The Framework for Network Co-Simulation (FNCS) uses a federated approach to integrate simulations which may have differing time scales. Special consideration is given to integration with a communication network simulation such that inter-simulation messages may be optionally routed through and delayed by such a simulation. In addition, FNCS uses novel time synchronization algorithms to accelerate co-simulation including the application of speculative multithreading. FNCS accomplishes all of these improvements with minimal end user intervention. Simulations canmore » be integrated using FNCS while maintaining their original model input files simply by linking with the FNCS library and making appropriate calls into the FNCS API.« less

  10. AEMC Northeast Regional Summit

    Broader source: Energy.gov [DOE]

    The Energy Department's Clean Energy Manufacturing Initiative will host a Northeast Regional Summit to showcase the achievements in American Energy & Manufacturing through public-private partnerships.

  11. CEMI Western Regional Summit

    Broader source: Energy.gov [DOE]

    Please Join Assistant Secretary of Energy Dr. David Danielson for the Clean Energy Manufacturing Initiative's Western Regional Summit. Register now for this free event.

  12. ERHIC INTERACTION REGION DESIGN.

    SciTech Connect (OSTI)

    MONTAG,C.PARKER,B.PTITSYN,V.TEPIKIAN,S.WANG,D.WANG,F.

    2003-10-13

    This paper presents the current interaction region design status of the ring-ring version of the electron-ion collider eRHIC (release 2.0).

  13. A framework for benchmarking land models

    SciTech Connect (OSTI)

    Luo, Yiqi; Randerson, J.; Abramowitz, G.; Bacour, C.; Blyth, E.; Carvalhais, N.; Ciais, Philippe; Dalmonech, D.; Fisher, J.B.; Fisher, R.; Friedlingstein, P.; Hibbard, Kathleen A.; Hoffman, F. M.; Huntzinger, Deborah; Jones, C.; Koven, C.; Lawrence, David M.; Li, D.J.; Mahecha, M.; Niu, S.L.; Norby, Richard J.; Piao, S.L.; Qi, X.; Peylin, P.; Prentice, I.C.; Riley, William; Reichstein, M.; Schwalm, C.; Wang, Y.; Xia, J. Y.; Zaehle, S.; Zhou, X. H.

    2012-10-09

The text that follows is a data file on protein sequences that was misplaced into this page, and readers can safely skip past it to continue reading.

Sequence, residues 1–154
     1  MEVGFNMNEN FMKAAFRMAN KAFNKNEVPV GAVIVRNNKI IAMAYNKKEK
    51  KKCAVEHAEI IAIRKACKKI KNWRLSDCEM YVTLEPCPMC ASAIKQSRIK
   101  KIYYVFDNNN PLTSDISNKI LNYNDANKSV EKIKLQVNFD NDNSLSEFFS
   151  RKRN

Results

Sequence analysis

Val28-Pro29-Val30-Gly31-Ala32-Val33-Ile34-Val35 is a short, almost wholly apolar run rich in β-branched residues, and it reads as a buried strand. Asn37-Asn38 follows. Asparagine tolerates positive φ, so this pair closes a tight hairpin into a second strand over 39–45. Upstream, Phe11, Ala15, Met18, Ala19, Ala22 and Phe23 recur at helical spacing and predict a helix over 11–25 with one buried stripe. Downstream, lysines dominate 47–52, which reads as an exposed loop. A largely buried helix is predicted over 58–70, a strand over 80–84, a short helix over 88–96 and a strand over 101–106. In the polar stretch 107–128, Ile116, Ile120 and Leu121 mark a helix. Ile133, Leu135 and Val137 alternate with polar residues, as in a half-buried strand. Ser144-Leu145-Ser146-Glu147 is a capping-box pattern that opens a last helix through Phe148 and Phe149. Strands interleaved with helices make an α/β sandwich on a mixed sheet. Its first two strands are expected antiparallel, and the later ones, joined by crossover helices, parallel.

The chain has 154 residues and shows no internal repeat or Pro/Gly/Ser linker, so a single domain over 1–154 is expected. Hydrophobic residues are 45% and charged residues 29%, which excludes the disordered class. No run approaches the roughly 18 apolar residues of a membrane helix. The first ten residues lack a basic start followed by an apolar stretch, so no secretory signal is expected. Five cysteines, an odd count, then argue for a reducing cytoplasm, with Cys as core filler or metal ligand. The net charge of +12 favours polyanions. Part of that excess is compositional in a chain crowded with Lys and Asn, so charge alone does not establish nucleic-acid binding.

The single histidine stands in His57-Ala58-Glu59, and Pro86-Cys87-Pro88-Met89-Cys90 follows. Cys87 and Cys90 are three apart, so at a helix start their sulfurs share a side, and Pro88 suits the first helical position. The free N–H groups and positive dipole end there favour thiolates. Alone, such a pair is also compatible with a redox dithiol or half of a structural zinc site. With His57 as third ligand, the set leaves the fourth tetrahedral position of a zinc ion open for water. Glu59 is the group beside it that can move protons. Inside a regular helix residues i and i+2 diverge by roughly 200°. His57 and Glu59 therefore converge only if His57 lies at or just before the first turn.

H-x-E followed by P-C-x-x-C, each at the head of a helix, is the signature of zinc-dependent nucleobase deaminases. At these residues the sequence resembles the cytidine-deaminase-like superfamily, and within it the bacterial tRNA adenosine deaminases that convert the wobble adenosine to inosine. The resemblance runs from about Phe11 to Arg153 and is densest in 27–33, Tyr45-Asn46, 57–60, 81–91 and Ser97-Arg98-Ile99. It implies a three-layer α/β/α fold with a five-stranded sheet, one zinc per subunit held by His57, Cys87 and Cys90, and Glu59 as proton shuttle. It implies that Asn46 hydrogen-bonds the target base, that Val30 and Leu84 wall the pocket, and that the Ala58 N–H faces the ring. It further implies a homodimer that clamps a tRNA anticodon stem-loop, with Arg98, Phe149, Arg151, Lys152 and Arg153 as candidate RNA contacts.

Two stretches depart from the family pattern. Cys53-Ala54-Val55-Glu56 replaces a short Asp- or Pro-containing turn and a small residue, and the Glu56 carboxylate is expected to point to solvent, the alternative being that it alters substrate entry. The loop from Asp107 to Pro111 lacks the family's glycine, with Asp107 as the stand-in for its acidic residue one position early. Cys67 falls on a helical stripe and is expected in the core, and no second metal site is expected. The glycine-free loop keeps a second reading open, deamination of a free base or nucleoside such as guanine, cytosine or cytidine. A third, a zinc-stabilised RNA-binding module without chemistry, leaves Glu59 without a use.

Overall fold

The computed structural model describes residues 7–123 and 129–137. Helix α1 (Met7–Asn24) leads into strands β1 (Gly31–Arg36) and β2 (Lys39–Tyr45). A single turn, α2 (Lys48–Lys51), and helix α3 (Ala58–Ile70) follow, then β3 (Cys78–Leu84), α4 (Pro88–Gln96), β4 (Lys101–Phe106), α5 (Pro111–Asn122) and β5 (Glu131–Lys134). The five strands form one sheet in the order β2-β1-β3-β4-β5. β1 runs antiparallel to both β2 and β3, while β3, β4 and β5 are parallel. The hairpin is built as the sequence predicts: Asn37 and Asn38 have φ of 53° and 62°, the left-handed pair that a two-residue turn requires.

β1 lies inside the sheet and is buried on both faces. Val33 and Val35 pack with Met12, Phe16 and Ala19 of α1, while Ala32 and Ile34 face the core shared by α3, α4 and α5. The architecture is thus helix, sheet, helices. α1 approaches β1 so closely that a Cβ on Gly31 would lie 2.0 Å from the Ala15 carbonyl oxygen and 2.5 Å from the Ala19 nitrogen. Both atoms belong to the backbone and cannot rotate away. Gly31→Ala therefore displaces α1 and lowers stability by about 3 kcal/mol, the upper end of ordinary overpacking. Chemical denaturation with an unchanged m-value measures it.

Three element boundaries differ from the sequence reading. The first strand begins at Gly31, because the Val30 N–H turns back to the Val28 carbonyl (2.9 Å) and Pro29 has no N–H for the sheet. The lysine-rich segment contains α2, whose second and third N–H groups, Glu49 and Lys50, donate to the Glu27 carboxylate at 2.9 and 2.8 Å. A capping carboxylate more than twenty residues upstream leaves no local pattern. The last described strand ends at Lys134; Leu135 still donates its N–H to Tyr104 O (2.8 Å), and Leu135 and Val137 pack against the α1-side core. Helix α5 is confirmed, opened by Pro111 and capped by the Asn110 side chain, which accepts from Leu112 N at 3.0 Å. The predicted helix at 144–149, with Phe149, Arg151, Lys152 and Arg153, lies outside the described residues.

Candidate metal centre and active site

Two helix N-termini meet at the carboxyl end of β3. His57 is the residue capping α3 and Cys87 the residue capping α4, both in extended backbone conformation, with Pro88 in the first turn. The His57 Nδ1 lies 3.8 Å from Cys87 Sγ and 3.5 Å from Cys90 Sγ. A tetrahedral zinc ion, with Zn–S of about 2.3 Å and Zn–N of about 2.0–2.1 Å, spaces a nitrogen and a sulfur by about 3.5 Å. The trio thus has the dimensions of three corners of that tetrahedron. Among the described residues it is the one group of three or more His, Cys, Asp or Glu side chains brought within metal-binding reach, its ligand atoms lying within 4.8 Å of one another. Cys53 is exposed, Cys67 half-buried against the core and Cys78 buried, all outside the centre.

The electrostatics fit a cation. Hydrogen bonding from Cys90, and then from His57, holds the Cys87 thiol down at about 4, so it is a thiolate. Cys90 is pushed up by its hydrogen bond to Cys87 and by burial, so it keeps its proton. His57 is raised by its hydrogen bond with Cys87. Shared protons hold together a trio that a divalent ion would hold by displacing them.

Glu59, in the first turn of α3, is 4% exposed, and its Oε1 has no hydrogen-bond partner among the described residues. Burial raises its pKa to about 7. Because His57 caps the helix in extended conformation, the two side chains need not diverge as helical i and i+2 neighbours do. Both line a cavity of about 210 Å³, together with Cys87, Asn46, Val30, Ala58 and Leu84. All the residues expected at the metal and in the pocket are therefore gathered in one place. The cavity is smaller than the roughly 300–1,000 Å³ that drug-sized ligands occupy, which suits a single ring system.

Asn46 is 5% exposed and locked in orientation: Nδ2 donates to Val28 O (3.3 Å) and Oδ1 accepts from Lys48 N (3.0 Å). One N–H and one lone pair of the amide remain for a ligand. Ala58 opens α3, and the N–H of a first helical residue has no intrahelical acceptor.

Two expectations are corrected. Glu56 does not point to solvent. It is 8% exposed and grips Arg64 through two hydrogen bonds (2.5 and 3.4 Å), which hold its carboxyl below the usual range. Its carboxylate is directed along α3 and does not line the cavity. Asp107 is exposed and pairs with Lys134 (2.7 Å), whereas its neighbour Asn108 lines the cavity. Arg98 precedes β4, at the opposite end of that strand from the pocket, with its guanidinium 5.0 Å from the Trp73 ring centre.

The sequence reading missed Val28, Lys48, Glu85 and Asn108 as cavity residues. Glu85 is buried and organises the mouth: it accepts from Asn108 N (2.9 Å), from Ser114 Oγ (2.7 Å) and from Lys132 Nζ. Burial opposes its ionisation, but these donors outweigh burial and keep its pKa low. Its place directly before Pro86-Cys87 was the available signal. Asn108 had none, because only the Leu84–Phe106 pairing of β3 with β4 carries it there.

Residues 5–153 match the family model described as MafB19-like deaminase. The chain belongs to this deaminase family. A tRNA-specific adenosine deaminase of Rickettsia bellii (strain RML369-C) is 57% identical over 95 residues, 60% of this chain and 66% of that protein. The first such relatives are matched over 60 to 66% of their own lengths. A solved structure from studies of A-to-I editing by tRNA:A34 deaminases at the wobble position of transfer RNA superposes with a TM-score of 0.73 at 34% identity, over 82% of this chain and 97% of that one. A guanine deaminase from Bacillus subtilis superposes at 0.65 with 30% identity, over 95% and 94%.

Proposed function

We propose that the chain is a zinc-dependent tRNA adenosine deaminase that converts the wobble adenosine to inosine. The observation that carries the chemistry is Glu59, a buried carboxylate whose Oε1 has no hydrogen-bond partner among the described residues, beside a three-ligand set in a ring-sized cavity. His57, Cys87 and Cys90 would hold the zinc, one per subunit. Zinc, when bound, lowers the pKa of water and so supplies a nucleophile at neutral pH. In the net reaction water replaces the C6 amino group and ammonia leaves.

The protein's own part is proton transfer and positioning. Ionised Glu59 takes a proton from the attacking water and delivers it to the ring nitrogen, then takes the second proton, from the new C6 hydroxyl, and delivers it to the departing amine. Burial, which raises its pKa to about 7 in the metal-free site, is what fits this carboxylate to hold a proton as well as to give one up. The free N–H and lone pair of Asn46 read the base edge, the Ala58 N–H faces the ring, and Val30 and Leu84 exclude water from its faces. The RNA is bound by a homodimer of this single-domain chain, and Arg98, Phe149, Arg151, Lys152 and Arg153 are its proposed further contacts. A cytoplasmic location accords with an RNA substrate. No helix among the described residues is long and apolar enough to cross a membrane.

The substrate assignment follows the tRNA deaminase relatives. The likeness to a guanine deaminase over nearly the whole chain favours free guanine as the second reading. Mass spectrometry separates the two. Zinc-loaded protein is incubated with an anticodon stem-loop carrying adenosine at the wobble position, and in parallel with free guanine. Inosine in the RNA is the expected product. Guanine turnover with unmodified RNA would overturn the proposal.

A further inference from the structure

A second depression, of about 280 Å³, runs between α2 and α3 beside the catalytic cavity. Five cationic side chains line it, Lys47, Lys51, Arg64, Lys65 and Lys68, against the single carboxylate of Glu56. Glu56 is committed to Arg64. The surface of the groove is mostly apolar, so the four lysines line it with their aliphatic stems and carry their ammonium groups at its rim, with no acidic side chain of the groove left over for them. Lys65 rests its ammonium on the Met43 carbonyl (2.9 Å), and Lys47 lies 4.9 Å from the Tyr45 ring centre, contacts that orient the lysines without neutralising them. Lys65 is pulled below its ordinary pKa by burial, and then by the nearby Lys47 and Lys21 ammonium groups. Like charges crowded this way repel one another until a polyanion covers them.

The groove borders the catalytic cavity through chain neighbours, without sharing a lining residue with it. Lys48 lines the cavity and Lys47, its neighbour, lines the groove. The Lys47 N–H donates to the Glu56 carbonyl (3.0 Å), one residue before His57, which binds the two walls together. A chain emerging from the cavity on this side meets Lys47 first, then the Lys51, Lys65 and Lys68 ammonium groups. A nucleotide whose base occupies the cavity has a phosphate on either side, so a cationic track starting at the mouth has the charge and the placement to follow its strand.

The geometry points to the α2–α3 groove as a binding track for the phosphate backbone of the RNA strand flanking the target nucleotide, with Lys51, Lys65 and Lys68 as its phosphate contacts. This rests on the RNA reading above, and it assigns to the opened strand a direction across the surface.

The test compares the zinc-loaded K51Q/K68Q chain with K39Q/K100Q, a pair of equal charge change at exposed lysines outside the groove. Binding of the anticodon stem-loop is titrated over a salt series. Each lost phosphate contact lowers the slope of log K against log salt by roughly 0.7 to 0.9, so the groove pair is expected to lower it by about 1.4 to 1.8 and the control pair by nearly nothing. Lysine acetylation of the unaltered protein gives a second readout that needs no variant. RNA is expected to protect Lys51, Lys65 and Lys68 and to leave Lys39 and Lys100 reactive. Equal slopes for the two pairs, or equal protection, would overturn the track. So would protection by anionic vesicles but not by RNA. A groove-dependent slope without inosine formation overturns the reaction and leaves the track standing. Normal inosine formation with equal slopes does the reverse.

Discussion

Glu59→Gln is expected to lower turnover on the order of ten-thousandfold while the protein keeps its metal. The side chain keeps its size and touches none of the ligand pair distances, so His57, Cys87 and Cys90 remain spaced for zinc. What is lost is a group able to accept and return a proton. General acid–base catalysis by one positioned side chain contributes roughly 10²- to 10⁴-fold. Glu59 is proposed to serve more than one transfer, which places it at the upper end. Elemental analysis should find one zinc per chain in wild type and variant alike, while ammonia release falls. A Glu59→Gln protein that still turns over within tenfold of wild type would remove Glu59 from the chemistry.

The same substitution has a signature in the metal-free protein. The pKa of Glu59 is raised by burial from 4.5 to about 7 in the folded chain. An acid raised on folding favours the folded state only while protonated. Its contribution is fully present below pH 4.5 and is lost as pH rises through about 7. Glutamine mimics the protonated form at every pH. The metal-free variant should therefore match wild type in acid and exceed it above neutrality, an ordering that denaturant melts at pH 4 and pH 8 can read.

Land models, which have been developed by the modeling community in the past few decades to predict future states of ecosystems and climate, have to be critically evaluated for their performance skills of simulating ecosystem responses and feedback to climate change. Benchmarking is an emerging procedure to measure performance of models against a set of defined standards. This paper proposes a benchmarking framework for evaluation of land model performances and, meanwhile, highlights major challenges at this infant stage of benchmark analysis. The framework includes (1) targeted aspects of model performance to be evaluated, (2) a set of benchmarks as defined references to test model performance, (3) metrics to measure and compare performance skills among models so as to identify model strengths and deficiencies, and (4) model improvement. Land models are required to simulate exchange of water, energy, carbon and sometimes other trace gases between the atmosphere and land surface, and should be evaluated for their simulations of biophysical processes, biogeochemical cycles, and vegetation dynamics in response to climate change across broad temporal and spatial scales. Thus, one major challenge is to select and define a limited number of benchmarks to effectively evaluate land model performance. The second challenge is to develop metrics of measuring mismatches between models and benchmarks. The metrics may include (1) a priori thresholds of acceptable model performance and (2) a scoring system to combine datamodel mismatches for various processes at different temporal and spatial scales. The benchmark analyses should identify clues of weak model performance to guide future development, thus enabling improved predictions of future states of ecosystems and climate. The near-future research effort should be on development of a set of widely acceptable benchmarks that can be used to objectively, effectively, and reliably evaluate fundamental properties of land models to improve their prediction performance skills.